Back Plate Arching
Traced and cut out the Plate
When I last posted, I had flattened the back plate, using a plane, but the shape was still oversized.
So I traced out the plate shape using a small section of plastic pipe as a guide, and a ball-point pen inside the pipe to make the mark. Then I cut out the plate using my very old Craftsman “Auto-Scroller” saber saw.
My beloved wife, Ann, bought me this saw when we had been married for less than two years, and it has served me well for the last 38 years, but this may be the final plate it will cut out. It overheated rather badly during the cut. 🙁
Once the plate was cut out, I used my curved-sole scrub-plane to remove waste wood, and rapidly bring the plate to near the proper thickness around the edge. As the thickness gets close to the target dimension, I switch over to the Ibex Finger-plane with the toothed blade and the wooden handle, to complete the thicknessing of the plate edge. The Oregon Big Leaf Maple is much more difficult to carve than the Spruce was, both because it is harder, and because the grain is highly flamed, meaning that it changes directions every centimeter or so, resisting all efforts to smoothly plane off the wood. The toothed plane helps, but when I start getting close to the right thickness, I will have to switch over to a scraper before the tear-outs from planing are too deep to be removed.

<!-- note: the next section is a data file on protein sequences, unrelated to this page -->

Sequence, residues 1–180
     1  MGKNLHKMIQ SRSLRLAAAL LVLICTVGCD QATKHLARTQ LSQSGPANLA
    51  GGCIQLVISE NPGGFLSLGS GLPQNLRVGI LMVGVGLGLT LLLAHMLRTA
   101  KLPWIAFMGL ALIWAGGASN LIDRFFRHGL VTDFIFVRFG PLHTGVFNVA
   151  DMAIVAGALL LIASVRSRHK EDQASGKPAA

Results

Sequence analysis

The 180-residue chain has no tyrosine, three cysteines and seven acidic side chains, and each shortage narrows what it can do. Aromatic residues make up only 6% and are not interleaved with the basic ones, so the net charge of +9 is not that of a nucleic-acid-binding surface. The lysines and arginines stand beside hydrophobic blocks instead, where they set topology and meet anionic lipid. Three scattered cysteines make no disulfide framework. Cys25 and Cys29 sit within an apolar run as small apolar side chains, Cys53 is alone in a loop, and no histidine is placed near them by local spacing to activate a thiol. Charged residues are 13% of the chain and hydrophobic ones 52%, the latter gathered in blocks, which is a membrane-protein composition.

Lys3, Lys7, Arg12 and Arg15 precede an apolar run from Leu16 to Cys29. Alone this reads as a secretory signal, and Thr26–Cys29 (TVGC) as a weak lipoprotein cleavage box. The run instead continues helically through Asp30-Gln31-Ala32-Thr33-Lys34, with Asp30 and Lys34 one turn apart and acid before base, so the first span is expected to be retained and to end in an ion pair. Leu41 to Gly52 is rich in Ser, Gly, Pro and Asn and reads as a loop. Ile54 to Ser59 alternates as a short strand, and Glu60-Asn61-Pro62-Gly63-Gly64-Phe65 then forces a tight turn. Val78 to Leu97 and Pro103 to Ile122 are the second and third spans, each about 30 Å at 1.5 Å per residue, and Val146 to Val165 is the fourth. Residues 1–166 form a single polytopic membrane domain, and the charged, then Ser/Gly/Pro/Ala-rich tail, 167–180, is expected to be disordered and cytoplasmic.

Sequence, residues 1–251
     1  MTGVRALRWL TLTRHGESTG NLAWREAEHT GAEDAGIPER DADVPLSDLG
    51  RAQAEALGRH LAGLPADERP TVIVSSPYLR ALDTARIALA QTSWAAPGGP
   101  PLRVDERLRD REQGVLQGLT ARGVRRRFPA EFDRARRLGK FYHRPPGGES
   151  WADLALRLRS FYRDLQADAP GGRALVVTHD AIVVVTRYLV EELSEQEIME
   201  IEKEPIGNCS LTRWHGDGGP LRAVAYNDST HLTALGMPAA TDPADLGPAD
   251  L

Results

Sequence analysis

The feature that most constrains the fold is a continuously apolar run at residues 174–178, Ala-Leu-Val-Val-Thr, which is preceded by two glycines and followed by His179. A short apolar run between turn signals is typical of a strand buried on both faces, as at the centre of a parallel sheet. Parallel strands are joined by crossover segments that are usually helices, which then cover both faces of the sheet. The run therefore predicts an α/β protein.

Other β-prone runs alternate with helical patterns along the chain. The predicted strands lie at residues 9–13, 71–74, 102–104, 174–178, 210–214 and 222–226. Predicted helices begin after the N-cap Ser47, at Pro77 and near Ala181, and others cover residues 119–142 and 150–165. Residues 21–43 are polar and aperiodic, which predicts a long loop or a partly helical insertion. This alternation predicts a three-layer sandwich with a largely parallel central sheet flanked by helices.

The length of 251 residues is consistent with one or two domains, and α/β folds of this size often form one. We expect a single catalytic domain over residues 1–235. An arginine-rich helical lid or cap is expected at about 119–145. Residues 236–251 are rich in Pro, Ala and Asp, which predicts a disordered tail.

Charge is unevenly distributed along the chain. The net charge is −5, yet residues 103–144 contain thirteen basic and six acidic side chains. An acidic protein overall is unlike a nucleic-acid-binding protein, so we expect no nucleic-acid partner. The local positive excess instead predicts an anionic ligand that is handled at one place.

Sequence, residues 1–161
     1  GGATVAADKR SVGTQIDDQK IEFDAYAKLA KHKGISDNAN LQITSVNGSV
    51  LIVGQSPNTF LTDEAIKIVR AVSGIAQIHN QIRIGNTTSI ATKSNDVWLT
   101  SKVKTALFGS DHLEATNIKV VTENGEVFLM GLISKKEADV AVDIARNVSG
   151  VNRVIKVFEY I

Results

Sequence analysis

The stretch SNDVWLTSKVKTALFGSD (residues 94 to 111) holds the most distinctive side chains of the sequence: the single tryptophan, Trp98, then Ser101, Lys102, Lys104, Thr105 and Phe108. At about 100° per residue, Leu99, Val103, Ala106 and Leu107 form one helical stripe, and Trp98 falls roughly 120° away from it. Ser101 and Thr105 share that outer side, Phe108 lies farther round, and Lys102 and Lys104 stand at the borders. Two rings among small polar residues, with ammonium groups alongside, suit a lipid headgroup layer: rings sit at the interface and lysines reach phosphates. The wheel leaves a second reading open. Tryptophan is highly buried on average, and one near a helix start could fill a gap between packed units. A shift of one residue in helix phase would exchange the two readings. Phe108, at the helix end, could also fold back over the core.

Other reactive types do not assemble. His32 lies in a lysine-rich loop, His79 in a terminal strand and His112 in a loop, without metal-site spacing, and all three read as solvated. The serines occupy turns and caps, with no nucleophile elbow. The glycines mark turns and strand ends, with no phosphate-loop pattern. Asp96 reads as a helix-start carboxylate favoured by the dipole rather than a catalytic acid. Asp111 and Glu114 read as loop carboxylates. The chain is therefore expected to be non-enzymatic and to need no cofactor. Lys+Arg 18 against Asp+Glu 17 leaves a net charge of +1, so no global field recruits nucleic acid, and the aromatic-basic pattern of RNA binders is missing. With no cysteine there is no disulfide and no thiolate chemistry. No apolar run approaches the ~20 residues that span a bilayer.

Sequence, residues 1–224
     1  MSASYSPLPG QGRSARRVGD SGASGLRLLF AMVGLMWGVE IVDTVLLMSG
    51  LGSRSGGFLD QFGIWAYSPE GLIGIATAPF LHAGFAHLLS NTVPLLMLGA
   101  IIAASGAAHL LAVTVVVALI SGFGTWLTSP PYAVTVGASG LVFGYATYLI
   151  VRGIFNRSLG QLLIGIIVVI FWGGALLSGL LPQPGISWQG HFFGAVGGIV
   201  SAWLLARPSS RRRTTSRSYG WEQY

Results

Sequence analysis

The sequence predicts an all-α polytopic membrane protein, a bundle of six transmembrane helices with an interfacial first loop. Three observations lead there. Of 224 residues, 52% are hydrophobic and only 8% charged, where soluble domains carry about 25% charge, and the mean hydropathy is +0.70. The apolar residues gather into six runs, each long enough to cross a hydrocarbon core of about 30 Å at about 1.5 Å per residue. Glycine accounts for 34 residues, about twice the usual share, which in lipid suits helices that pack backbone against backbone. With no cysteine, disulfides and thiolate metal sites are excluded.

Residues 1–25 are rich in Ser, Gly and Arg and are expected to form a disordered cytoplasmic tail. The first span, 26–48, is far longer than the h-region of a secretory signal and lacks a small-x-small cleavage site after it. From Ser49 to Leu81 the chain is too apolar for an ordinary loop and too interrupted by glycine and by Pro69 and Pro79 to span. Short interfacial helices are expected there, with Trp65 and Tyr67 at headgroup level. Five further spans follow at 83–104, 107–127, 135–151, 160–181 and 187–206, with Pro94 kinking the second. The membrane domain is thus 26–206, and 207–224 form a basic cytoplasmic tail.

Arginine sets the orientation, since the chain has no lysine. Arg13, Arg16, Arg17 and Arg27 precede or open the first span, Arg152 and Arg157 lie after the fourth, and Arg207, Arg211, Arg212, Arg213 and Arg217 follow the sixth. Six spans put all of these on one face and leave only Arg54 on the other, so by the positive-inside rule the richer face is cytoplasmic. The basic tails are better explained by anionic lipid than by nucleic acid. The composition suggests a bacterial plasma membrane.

You can see the longitudinal arching template in the above photo: it is just a thin piece of plywood with an 11′-3″ radius circle section cut out of it so as to leave the correct arching height in the center. I used that to help me establish the longitudinal arching. The Ibex plane is on the plate, and the scrub-plane is almost out of sight behind a small block-plane in the background. The small block-plane is helpful for smoothing the ridges left by the scrub-plane.
I am working to the rough sketch I made before beginning, with the plan for the back arching: (I did change the plan a little. I realized that I could extend the arching a little further “north,” as I have tapered the entire garland a little, so that the bend in the upper bouts will not be so severe, and the arching may be able to follow it a little way before flattening out to avoid the compound curve. It’s worth a try, anyway, and will not hurt anything.)
My hands and shoulders were getting too tired, so I went inside and used small finger-planes, files, and scrapers to refine the scroll. I am waiting on an order of carbon-fiber reinforcement materials to complete the neck, but other than that, I am pleased with how it is turning out.
I also completed the scraping of the Sitka Spruce belly, and it is pretty much ready to be glued to the garland.
I pretty much wore myself out on this stretch: I’m looking like a tired old man, here. And I thought I was smiling…
Anyway…that is the current status.
Thanks for looking.